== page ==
“Therefore, I3 investment will be used to bring the collective knowledge, skills, resources and facilities of the 3 universities to develop an international centre capable of tackling key emerging issues related to the rapid transition towards CAVs within the transport system.
“The UK already has a reputation as a world-leader in CAV technology – a sector that is predicted to be worth £63 billion by 2035, and the UK government has pledged that the UK should retain such leadership in the years ahead.
“However, associated with the introduction of CAVs on the roads are a range of technical and ethical challenges.”
There have been several reports worldwide of injuries to road-users who have come in contact with autonomous vehicles. Last December, an Arizona woman pushing a bicycle across the road was killed when a self-driving test car had trouble classifying her as a pedestrian and failed to stop. According to the local police, the car's test driver was watching TV on her phone at the time of the accident. A report by the National Transport Safety Board said that the test driver did not look up until half a second before the fatal collision and did not press the brakes until less than a second after impact.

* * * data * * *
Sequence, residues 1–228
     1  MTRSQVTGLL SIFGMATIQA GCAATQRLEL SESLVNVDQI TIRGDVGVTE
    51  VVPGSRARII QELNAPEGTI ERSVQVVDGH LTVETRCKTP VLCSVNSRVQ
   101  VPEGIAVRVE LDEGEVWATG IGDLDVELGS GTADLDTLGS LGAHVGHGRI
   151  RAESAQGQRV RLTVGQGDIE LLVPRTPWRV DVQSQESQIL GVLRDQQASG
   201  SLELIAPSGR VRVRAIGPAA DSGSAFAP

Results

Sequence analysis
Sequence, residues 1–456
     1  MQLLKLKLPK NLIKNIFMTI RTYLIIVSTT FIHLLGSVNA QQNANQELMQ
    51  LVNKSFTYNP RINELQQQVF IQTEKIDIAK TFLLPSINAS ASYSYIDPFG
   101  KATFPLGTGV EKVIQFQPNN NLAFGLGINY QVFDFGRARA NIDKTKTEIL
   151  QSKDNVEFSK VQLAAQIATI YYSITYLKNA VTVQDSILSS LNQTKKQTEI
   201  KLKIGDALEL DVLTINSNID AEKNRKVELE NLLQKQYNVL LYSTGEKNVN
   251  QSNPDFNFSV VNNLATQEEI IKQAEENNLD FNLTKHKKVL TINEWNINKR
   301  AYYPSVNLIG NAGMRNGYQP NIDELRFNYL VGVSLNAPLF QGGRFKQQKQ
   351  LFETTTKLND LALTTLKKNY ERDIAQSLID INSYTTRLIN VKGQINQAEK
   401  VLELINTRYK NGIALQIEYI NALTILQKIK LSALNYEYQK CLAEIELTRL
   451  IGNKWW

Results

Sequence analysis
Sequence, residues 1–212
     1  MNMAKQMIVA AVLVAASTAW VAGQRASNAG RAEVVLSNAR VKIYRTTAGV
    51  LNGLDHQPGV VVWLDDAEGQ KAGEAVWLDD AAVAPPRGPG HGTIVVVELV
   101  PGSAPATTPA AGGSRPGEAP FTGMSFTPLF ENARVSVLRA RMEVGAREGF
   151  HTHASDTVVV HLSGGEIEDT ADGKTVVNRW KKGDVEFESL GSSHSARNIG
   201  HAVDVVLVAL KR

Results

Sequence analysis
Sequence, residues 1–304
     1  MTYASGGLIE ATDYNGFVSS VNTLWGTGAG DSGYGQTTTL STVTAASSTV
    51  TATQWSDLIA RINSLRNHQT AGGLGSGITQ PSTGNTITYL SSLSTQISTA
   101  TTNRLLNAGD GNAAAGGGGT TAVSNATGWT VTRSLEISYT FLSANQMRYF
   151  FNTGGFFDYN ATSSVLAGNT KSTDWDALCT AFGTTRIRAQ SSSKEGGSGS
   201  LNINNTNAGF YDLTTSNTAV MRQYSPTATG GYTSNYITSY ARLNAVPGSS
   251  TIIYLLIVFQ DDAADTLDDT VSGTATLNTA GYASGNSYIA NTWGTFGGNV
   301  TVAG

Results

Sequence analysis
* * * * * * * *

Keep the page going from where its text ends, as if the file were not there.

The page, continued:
Prof Morris said: "There are concerns about how a vehicle with a driver inside, who is only partially engaged with the driving task, will be able to respond to traffic situations where more vulnerable road-users are present.
"At the moment, in many situations there is an implicit communication code between driver and pedestrian - for example, crossing the road.
"This will disappear with vehicle autonomy”.
"It's important to ensure that these safety implications do not go unrecognised."